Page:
There were unshed tears in Sasquatch's voice. "I was looking forward to going home to my herd and being myself again. Will that happen? I don't know now. I trusted you."
"You trusted me to keep my end of the deal when you did. What did you think when you picked me up in that bar in Nepal? Did I sound reasonable to you?"
"I thought you were just enthusiastic! And smarter than me! You had a fantastic plan that I could be part of and get my agenda done in one."
Blowhole's tones appeared contrite to anyone else's perception, but Skipper figured he was playing her like the proverbial nose flute. "That mi-i-i-ight have been the raksi talking in both of us, but I told you I'll fix this. Transport by artic to Copenhagen rather than by ship to Helsinki took us both by surprise. Curse those inter-related science departments in universities and museums! I mean, how peaceful can you get when you cave to another country's superior genetic research lab! Didn't Helsinki want the glory of taking you apart for itself? Um, forget that last part."
Hugo growled. "The beast." He went back to furrowing his brow as he waved his hand repeatedly over it. He mumbled words under his breath as his cheek flanges wobbled. Skipper overheard one of them. "Go backer."
"Go backer," Sasquatch spat.
"Insult fight? Oooh, I am so on it. Twit."
Sasquatch blew up. She stamped her foot like a charging bull as she shook the television with her good hand. "Deformed."
"Tell me about it when you've lost an eye."
Sasquatch dialed back her rage and Skipper was relieved. He didn't want to witness anything like what similar simians Mason and Phil did when they lost control. She gnashed her broken teeth. "What? You told me at Hetauda Happy Hour that you gouged out the eye when you took a header into some rose bush thorns on the segway."
"I admitted that? I must have been drunker than I thought. Listen, Sasquatch, enough. You're mad at me but I've got things on you and you've got to stay away from DNA testing or my operation is blown. And I need to make my plan fly for me and then you can go back to whatever you want in Nepal after your procedure. Wait for my signal. I'll be the one driving the lorry. One little fenderbender and --- no, wait, then the lorry will be out of business --- never mind then. I've got two more weeks to come up with a brand new plan. Don't call me, I'll call you, same dolphin time, same dolphin station. Laters."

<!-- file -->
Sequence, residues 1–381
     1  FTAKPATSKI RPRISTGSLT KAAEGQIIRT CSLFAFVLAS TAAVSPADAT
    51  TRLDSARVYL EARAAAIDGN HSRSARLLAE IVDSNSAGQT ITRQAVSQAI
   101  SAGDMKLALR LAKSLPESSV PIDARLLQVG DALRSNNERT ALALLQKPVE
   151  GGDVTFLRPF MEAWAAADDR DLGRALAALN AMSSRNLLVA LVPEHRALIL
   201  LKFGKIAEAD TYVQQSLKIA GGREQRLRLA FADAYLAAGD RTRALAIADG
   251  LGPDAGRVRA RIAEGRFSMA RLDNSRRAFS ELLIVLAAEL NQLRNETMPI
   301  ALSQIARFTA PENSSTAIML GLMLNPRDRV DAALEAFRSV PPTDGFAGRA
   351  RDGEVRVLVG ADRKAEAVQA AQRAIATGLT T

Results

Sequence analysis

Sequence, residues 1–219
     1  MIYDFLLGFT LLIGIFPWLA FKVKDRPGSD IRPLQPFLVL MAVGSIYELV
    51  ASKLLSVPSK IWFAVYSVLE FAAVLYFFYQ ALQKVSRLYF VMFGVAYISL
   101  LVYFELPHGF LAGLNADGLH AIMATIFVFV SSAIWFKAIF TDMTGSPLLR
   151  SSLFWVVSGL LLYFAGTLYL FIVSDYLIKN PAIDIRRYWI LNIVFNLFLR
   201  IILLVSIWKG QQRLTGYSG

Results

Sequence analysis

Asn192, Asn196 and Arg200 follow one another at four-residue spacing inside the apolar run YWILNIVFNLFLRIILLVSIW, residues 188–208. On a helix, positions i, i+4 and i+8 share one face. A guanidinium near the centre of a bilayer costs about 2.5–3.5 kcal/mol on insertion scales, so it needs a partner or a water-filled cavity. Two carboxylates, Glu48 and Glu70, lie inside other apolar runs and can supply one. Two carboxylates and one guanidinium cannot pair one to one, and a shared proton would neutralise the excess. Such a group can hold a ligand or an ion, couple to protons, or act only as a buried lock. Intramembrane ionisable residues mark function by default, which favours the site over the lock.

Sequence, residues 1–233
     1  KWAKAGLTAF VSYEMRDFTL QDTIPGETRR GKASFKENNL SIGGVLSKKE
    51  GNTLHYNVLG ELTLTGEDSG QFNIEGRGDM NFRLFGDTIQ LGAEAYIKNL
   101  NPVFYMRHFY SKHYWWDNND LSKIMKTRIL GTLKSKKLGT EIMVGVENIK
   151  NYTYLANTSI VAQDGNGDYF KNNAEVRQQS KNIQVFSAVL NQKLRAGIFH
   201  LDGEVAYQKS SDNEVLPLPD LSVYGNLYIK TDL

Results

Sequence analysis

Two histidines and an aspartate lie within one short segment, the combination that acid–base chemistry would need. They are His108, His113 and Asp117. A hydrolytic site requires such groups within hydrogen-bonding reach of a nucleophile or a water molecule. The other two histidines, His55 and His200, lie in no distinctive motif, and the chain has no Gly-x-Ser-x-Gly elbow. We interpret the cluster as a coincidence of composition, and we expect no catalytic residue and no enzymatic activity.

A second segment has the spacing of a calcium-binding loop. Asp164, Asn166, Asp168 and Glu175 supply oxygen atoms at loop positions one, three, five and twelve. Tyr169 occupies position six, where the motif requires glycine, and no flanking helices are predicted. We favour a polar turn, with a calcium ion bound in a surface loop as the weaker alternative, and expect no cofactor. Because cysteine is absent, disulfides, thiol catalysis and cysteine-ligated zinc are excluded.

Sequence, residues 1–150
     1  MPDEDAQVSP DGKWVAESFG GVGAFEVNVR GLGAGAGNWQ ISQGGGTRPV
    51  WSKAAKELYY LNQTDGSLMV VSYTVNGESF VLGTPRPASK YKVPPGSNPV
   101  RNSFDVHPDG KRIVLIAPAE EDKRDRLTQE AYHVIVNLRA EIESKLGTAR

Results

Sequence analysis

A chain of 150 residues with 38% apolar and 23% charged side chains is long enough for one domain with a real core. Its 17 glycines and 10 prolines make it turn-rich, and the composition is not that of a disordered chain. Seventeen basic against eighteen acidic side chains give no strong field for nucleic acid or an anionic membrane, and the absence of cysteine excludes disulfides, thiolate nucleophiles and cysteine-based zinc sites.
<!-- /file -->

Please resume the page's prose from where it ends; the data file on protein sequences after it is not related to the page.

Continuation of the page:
"It's less than two weeks, Blowhole!" Sasquatch shrieked, but he frazzled away.
Copenhagen. It figured. Skipper thrust aside the unwelcome news and stepped boldly out from cover. Sasquatch gathered herself in admirable control. "He told me he saw your corpse being corteged back to the zoo by your friends," she said.
"He was wrong."
"My body is a living weapon."
Sasquatch gestured to the television screen. "Living. How am I going to explain that to him?"
Hugo ambled over to the space heater. He was full of gripes. "Crabs. Dolphins. Penguins. I'm disgusted with your whole bunch. Boredom is better than this. Sasquatch, explain to me why I am friends with you." He withdrew into the immediate comfort of warmth as he turned his back to the lot of them and rubbed his hands.
Private couldn't keep still. His blood boiled at finally having the object of his hate before him. "You ... enablin' old geezer! She and you and Blowhole deserve each other! She's a right bloody assassin! Pile on, everyone!" He flung himself forward and then through the north door swooped Rico and Kowalski in deadly earnest. The outraged members of Skipper's command threw themselves upon Sasquatch. She swung arms the size of tabletop Christmas trees as the penguins dangled from them like Hallmark ornaments. Her snarls echoed as they had at Kastelholm and Private lost it.